Peas are a popular plant in the home garden, and it worth knowing how to grow peas for a number of reasons, firstly freshly picked peas are simply wonderful, tender and sweet. Secondly they are a winter growing plant that can be used in the vegetable garden as a rotational crop that will fix nitrogen back into the soil.
And we have varieties including climbing peas, snow peas and dwarf peas all have their place.
When to plant.
As a rotational crop they are wonderful to plant after tomatoes, and in cool to temperate areas of Australia as the tomatoes finish it just happens to be the right time to plant peas. So we are looking at autumn in these areas.
Where to plant
This will depend on the type of peas you are growing, climbing peas and snow peaswill need a trellis, the dwarf type will not. And yes you can grow them in containers, the taller types will need support.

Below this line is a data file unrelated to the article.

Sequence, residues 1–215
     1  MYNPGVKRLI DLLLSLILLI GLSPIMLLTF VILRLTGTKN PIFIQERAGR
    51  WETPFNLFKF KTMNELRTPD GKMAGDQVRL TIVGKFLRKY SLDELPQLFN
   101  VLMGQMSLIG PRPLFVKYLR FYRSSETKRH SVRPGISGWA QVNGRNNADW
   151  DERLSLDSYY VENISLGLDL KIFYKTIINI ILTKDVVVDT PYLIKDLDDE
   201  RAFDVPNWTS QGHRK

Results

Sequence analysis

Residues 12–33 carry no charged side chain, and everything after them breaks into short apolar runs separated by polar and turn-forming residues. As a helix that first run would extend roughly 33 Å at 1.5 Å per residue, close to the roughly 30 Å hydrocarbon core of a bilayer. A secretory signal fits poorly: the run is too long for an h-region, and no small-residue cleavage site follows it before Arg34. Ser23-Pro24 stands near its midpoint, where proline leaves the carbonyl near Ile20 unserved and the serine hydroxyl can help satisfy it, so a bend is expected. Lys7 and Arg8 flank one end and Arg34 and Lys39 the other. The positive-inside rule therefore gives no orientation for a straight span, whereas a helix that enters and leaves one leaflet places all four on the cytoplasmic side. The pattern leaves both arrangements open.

- Dig over the soil well and spread a little blood and bone and a little lime through as well.
- If the soil lack humus, dig in some well rotted compost, we like to do this 3 weeks before planting
- Peas are best sown directly, at around 3cm deep
- Water in well with a liquid seaweed fertiliser and unless the soil begins to dry do not water again as really damp conditions can cause the seeds to rot.
We like the ‘continual harvest’, as soon as they are big enough, pick them and eat them the same day. You can leave some on the plant and collect the seeds once the plants have died back for next year.
Generally we dig the plants up while they are still a little green, crop them up with the spade and then dig them back into the soil. Or put them in the compost bin